England accepts Alevi Federation as charity to promote religious aims

England accepts Alevi Federation as charity to promote religious aims

England accepts Alevi Federation as charity to promote religious aims The Charity Commission for England and Wales has accepted the British Alevi Foundation (BAF), an umbrella body of 12 Alevi centers in the United Kingdom, as a religious charity, giving the community a legal recognition that is denied to it in Turkey.

In a decision conveyed on Oct. 5, the Charity Commission ruled that the BAF and associated Alevi centers can promote the Alevi faith in accordance with the beliefs set out in the publication “Alevism” produced by the BAF. 

Announcing the decision in a press conference in London, BAF head İsrafil Erbil said the decision was important for the Alevi community in the U.K. as it extended legal recognition to the group as a religion.

“The legal recognition of [Alevism] as a religion and faith, and our cemevis [Alevi places of worship] being recognized as a house of worship … gives our children the comfort in defining our belonging and identity,” said Erbil. 

Erbil said the state’s recognition would help future Alevi generations who would grow up and live in the U.K. to make clearer definitions of themselves. 

Defining one of the four characteristics of a religion as “a spiritual or non-secular belief system, held by a group of adherents, which claims to explain mankind’s place in the universe and relationship with the infinite,” the Charity Commission stated that the summary of the Alevi beliefs met these requirements by defining God as “Hak” (meaning the truth) and that they do not consider God as fixed into a place of worship, iconography or written books but that he is placeless, with the human heart being his only domicile.

The commission defined the second characteristic as “a spiritual or non-secular belief system which teaches its adherents how they are to live their lives in conformity with the spiritual understanding associated with the belief system,” and stated that Alevism had a manners ritual, which is a mechanism to evaluate each member of the community to determine whether they observe the principles and codes or not.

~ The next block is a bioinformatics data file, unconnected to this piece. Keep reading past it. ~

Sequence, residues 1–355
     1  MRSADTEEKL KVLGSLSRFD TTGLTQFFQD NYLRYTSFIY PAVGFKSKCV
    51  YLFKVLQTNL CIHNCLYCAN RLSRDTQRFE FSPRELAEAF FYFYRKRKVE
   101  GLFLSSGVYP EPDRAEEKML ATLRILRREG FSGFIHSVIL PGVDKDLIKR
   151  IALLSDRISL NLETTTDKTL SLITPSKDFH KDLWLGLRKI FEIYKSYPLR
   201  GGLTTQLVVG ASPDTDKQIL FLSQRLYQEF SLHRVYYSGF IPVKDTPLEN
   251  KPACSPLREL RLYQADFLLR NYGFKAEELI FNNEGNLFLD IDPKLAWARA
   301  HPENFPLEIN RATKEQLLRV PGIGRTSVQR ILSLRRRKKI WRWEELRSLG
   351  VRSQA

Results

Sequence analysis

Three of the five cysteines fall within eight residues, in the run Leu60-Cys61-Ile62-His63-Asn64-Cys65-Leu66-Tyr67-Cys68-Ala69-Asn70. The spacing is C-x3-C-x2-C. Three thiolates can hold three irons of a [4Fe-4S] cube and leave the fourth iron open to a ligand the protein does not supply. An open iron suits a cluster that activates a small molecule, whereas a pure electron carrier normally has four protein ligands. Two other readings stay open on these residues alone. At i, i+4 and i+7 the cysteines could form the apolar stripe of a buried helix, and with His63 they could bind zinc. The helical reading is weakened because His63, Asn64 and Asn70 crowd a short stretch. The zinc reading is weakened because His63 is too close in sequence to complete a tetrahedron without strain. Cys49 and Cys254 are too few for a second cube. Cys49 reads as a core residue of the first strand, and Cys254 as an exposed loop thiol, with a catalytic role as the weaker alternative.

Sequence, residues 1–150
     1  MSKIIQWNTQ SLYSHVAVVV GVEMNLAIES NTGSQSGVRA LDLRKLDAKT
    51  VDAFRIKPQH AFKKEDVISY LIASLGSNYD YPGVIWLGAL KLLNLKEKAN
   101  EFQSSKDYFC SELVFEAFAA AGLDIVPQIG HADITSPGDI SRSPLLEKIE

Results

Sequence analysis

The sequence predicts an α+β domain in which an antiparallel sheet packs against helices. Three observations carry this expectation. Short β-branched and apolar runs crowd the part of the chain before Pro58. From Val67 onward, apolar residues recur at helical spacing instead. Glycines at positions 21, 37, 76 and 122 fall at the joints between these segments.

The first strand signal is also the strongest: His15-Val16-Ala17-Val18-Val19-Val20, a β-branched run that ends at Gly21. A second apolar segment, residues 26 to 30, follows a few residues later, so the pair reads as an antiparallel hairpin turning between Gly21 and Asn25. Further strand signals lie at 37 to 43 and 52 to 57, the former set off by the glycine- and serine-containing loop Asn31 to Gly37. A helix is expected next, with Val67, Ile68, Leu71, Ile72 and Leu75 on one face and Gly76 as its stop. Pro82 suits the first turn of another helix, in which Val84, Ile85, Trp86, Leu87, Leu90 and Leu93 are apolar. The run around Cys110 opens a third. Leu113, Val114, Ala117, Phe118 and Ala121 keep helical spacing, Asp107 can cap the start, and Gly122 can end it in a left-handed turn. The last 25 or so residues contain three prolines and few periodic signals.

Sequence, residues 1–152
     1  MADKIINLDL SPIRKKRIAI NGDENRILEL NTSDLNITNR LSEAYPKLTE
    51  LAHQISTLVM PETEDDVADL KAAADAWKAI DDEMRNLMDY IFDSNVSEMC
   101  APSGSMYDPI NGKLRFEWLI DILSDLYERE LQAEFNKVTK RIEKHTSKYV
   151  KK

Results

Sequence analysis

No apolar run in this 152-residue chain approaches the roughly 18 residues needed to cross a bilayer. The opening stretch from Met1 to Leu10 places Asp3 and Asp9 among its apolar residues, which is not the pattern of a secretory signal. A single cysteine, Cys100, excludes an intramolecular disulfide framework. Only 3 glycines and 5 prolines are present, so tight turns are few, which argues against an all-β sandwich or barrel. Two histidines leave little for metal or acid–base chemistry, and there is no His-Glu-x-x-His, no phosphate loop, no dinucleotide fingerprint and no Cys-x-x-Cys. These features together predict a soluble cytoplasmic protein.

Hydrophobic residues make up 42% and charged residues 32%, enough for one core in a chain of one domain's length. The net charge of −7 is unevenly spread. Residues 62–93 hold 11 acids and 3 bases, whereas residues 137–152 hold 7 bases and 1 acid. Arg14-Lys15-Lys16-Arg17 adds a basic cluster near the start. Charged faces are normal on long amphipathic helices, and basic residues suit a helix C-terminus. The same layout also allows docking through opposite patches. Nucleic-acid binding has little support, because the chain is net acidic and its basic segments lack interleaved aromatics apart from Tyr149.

“The community collectively judges persons who are believed to violate any moral principles and impose sanctions such as organizing a communal meal or paying for a community project,” said the Charity Foundation. 

The performance of religious services or worship and the advancement of the religion were also listed as the other two characteristics for Alevism to be recognized as a religion.

The status of Alevism is problematic in Turkey as the state does not officially recognize it as a separate religion and does not pay for the expenses of cemevis or permit Alevi children to opt out of mandatory religion classes at school. Instead, the state declares Alevis as Muslims, arguing that the only place of worship for Muslims is the mosque and that all Muslims must attend state religious classes. Only recognized minorities in Turkey – Jews, Greek Orthodox and Armenians – are granted an exemption from the mandatory faith classes.

The European Court of Human Rights have in separate cases ruled that Turkey’s public policies regarding cemevis discriminate against the Alevi community and that the Turkish education system was “still inadequately equipped to ensure respect for parents’ convictions” and violated the “right to education.”